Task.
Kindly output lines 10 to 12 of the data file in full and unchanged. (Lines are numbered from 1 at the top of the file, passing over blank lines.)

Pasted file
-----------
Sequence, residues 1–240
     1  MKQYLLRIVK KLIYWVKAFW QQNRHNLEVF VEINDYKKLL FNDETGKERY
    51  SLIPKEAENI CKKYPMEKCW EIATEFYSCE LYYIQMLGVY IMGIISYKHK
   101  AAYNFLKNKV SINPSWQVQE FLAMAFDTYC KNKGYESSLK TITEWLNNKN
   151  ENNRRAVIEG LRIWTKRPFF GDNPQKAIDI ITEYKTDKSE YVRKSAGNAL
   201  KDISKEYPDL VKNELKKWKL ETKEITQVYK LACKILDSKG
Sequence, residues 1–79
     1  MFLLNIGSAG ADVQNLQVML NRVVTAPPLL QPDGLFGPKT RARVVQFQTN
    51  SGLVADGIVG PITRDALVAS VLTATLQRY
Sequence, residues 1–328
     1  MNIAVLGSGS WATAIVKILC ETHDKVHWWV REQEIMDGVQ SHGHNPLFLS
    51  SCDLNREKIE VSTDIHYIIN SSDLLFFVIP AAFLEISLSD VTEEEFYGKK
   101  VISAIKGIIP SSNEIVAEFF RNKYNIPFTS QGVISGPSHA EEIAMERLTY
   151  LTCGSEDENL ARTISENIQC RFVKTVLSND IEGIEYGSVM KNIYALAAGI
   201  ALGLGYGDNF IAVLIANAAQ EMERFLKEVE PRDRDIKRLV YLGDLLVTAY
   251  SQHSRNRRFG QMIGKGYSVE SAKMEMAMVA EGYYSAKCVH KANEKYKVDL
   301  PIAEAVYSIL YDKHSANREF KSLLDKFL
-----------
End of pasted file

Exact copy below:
Sequence, residues 1–328
     1  MNIAVLGSGS WATAIVKILC ETHDKVHWWV REQEIMDGVQ SHGHNPLFLS
    51  SCDLNREKIE VSTDIHYIIN SSDLLFFVIP AAFLEISLSD VTEEEFYGKK